Conferences & Symposia

Women Making Democracy

Conference

Each year, the Radcliffe Institute for Advanced Study at Harvard University hosts a conference that explores from many perspectives the role of gender in a significant aspect of the human experience. This year’s conference, titled "Women Making Democracy," will consider the role of women specifically—and gender more generally—in movements for democratic change.

Activists, journalists, and academics from different fields and disciplines will examine and analyze recent events in countries affected by the democratizing efforts often described as “Arab Spring” and compare women’s experiences of these events with those of women in other moments of democratic change around the world, including Eastern Europe, South Africa, and Latin America.

Organizing Committee

Jennifer Hochschild, Chair
Henry LaBarre Jayne Professor of Government, Professor of African and African American Studies, and Harvard College Professor, Department of Government, Harvard University

Lizabeth Cohen, Dean, Radcliffe Institute for Advancved Study
Howard Mumford Jones Professor of American Studies, Department of History, Harvard University

Leila Ahmed
Victor S. Thomas Professor of Divinity, Harvard Divinity School

Nancy F. Cott, Carl and Lily Pforzheimer Foundation Director of the Schlesinger Library, Radcliffe Institute for Advanced Study
Jonathan Trumbull Professor of History, Department of History, Harvard University

Jane J. Mansbridge
Adams Professor of Political Leadership and Democratic Values, Harvard Kennedy School

Nancy Rosenblum
Senator Joseph Clark Professor of Ethics in Politics and Government Political Theory, Department of Government, Harvard University

Hashim Sarkis
Aga Khan Professor of Landscape Architecture and Urbanism in Muslim Societies, Department of Urban Planning and Design, Graduate School of Design, Harvard University

Malika Zeghal
Prince Alwaleed Bin Talal Professor in Contemporary Islamic Thought and Life, Faculty of Arts and Sciences, Harvard University

Schedule

Thursday, March 29, 2012

The conference will open with an artistic performance that reinforces the themes of the gendered nature of democratic struggles through a dramatic reading of a work written in direct response to the ongoing revolution in Egypt. The ticketed event will feature a staged reading of Ibrahim El-Husseini’s Commedia Al-Ahzaan (A Comedy of Sorrows), translated by Rebekah Maggor and Mohammed Albakry, as commissioned by the Radcliffe Institute. The play, which premiered recently at the experimental Al-Ghad Theatre in Cairo, follows a young university-educated Egyptian woman. Through a series of encounters with different members of society, she comes to realize how little she understood her own country.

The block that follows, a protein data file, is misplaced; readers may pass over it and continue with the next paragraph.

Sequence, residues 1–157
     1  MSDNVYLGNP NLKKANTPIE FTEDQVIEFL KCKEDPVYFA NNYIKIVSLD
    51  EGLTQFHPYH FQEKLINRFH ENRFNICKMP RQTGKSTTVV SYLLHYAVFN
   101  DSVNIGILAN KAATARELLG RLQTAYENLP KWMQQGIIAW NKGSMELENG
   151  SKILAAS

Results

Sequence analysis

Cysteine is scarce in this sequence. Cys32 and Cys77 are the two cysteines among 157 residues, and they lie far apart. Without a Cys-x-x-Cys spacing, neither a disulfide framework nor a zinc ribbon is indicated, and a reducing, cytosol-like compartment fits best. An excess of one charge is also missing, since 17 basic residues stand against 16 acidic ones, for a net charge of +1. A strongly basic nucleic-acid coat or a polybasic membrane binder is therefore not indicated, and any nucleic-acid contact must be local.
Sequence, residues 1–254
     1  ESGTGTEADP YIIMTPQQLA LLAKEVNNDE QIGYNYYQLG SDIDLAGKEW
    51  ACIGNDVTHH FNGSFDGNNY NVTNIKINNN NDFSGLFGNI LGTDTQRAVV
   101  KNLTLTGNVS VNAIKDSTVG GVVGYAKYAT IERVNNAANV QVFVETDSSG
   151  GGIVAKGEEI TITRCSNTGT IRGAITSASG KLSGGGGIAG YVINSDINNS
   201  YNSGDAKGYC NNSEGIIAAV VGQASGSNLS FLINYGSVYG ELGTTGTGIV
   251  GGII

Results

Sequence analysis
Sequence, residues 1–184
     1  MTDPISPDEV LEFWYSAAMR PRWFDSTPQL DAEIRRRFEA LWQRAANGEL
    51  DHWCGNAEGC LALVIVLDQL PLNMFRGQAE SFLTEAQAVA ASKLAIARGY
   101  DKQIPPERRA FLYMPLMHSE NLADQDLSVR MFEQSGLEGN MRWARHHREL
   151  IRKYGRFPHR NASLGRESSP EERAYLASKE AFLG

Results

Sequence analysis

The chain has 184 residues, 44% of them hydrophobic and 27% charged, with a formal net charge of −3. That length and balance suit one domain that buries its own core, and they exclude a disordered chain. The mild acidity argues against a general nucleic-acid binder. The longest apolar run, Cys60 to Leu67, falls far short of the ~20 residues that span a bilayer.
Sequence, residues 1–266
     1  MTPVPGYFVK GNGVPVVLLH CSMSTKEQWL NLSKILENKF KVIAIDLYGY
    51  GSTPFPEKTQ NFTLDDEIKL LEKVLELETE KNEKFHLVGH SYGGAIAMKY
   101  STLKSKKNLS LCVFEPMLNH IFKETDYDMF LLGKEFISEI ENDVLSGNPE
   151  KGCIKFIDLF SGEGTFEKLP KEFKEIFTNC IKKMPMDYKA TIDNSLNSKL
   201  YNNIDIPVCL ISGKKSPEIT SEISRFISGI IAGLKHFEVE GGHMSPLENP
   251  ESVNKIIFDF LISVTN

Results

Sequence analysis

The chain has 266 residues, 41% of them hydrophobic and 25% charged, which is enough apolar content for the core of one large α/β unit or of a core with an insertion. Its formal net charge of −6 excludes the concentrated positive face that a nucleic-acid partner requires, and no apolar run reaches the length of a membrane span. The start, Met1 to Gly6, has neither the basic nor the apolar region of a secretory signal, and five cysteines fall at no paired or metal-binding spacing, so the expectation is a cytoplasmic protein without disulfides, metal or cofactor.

The reading will be followed by a discussion with the playwright and others, who together will provide context for this theatrical response to the revolution, focusing in particular on the themes addressed in the conference.

7:00 pm

Doors open

7:30 pm

Welcome and Introduction

Lizabeth Cohen, Dean, Radcliffe Institute for Advanced Study; Howard Mumford Jones Professor of American Studies, Department of History, Harvard University

7:45 pm

Dramatic Reading of Commedia Al-Ahzaan (A Comedy of Sorrows)

8:45 pm

Panel Discussion with Q&A Session

Rebekah Maggor, Director, A Comedy of Sorrows; Lecturer, Department of English, Vanderbilt University

Ibrahim El-Husseini, Playwright, A Comedy of Sorrows

Cynthia Schneider, Former United States Ambassador to the Netherlands; Distinguished Professor in Practice of Diplomacy, Edmund A. Walsh School of Foreign Service, and Associate Professor of Art History, Department of Art and Art History, Georgetown University

Moderated by Robin Young, Host,Here & Now, WBUR

9:30 pm

Reception

Friday, March 30, 2012
7:45 am

Registration 

8:45 am

Welcoming Remarks

Lizabeth Cohen, Dean, Radcliffe Institute for Advanced Study; Howard Mumford Jones Professor of American Studies, Department of History, Harvard University

Jennifer Hochschild, Henry LaBarre Jayne Professor of Government, Professor of African and African American Studies, and Harvard College Professor, Department of Government, Harvard University

9:00 am

Keynote Address with Q&A Session

Shahira Amin, Egyptian journalist

Leila Ahmed, Victor S. Thomas Professor of Divinity, Harvard Divinity School, will moderate the question-and-answer session.